The biggest difference between Pyramid and Pylons is how views are structured, and how they invoke templates and access state variables. This is a large topic because it touches on templates, renderers, request variables, URL generators, and more, and several of these topics have many facets. So we'll just start somewhere and keep going, and let it organize itself however it falls.

First let's review Pylons' view handling. In Pylons, a view is called an "action", and is a method in a controller class. Pylons has specific rules about the controller's module name, class name, and base class. When Pylons matches a URL to a route, it uses the routes 'controller' and 'action' variables to look up the controller and action. It instantiates the controller and calls the action. The action may take arguments with the same name as routing variables in the route; Pylons will pass in the current values from the route. The action normally returns a string, usually by calling render(template_name) to render a template. Alternatively, it can return a WebOb Response. The request's state data is handled by magic global variables which contain the values for the current request. (This includes equest parameters, response attributes, template variables, session variables, URL generator, cache object, and an "application globals" object.)

View functions and view methods

A Pyramid view callable can be a function or a method, and it can be in any location. The most basic form is a function that takes a request and returns a response:

from pyramid.response import Response

def my_view(request):
    return Response("Hello, world!")

A view method may be in any class. A class containing view methods is conventionally called a "view class" or a "handler". If a view is a method, the request is passed to the class constructor, and the method is called without arguments.

1class MyHandler(object):
2    def __init__(self, request):
3        self.request = request
5    def my_view(self):
6        return Response("Hello, classy world!")

The Pyramid structure has three major benefits.

  • Most importantly, it's easier to test. A unit test can call a view with a fake request, and get back the dict that would have been passed to the template. It can inspect the data variables directly rather than parsing them out of the HTML.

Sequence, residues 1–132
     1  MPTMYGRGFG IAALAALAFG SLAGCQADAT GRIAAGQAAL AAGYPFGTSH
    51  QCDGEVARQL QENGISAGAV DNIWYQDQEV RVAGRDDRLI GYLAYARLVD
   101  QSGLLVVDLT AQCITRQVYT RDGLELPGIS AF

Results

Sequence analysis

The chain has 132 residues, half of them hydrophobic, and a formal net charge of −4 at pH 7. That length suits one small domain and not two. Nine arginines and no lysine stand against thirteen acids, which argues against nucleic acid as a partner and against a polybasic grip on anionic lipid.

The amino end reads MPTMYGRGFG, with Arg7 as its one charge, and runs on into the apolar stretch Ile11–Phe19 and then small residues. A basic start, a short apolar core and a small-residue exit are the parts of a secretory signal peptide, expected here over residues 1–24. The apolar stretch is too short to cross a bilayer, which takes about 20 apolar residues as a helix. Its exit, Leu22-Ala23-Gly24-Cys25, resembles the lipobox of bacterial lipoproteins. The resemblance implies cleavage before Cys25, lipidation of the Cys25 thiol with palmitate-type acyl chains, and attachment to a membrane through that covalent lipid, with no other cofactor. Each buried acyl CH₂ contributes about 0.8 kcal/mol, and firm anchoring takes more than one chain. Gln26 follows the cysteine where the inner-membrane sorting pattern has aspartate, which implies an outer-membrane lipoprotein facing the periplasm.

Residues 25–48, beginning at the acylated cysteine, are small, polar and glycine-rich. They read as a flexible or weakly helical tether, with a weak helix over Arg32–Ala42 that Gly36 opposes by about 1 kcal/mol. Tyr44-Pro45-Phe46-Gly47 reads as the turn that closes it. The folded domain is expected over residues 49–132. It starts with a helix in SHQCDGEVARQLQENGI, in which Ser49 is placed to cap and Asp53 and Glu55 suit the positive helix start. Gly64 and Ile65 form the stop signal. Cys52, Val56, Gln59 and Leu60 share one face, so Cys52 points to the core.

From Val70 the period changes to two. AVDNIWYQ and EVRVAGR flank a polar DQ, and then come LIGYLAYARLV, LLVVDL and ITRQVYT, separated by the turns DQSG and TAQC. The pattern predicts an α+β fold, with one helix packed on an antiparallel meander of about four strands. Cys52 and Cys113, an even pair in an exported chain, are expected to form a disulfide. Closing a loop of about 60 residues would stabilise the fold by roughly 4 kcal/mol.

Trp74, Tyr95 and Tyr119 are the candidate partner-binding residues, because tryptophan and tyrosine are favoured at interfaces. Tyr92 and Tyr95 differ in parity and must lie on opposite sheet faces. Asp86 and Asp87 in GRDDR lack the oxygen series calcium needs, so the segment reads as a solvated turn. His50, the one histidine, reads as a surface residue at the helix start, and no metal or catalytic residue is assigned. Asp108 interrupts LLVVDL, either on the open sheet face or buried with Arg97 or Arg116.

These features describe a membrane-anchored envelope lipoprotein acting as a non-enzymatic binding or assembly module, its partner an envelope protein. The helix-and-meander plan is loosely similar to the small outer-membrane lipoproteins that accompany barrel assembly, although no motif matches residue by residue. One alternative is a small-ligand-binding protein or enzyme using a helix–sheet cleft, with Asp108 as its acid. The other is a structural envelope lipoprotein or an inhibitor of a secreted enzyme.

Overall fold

• It's simpler and more modular. No magic globals.

  • You have the freedom to organize views however you like.

Typical view usage

Merely defining a view is not enough to make Pyramid use it. You have to register the view, either by calling config.add_view() or using the @view_config decorator.

The most common way to use views is with the @view_config decorator. This both marks the callable as a view and allows you to specify a template. It's also common to define a base class for common code shared by view classes. The following is borrowed from the Akhet demo.

 1from pyramid.view import view_config
 3class Handler(object):
 4    def __init__(self, request):
 5        self.request = request
 7class Main(Handler):
 9    @view_config(route_name="home", renderer="index.mako")
10    def index(self):
11        return {"project": "Akhet Demo"}

The application's main function has a config.scan() line, which imports all application modules looking for @view_config decorators. For each one it calls config.add_view(view) with the same keyword arguments. The scanner also recognizes a few other decorators which we'll see later. If you know that all your views are in a certain module or subpackage, you can scan only that one: config.scan(".views").

The example's @view_config decorator has two arguments, 'route_name' and 'renderer'. The 'route_name' argument is required when using URL dispatch, to tell Pyramid which route should invoke this view. The "renderer" argument names a template to invoke. In this case, the view's return value is a dict of data variables for the template. (This takes the place of Pylons' 'c' variable, and mimics TurboGears' usage pattern.) The renderer takes care of creating a Response object for you.

View configuration arguments

The following arguments can be passed to @view_config or config.add_view. If you have certain argument values that are the same for all of the views in a class, you can use @view_defaults on the class to specify them in one place.

This list includes only arguments commonly used in Pylons-like applications. The full list is in View Configuration in the Pyramid manual. The arguments have the same predicate/non-predicate distinction as add_route arguments. It's possible to register multiple views for a route, each with different predicate arguments, to invoke a different view in different circumstances.

Some of the arguments are common to add_route and add_view. In the route's case it determines whether the route will match a URL. In the view's case it determines whether the view will match the route.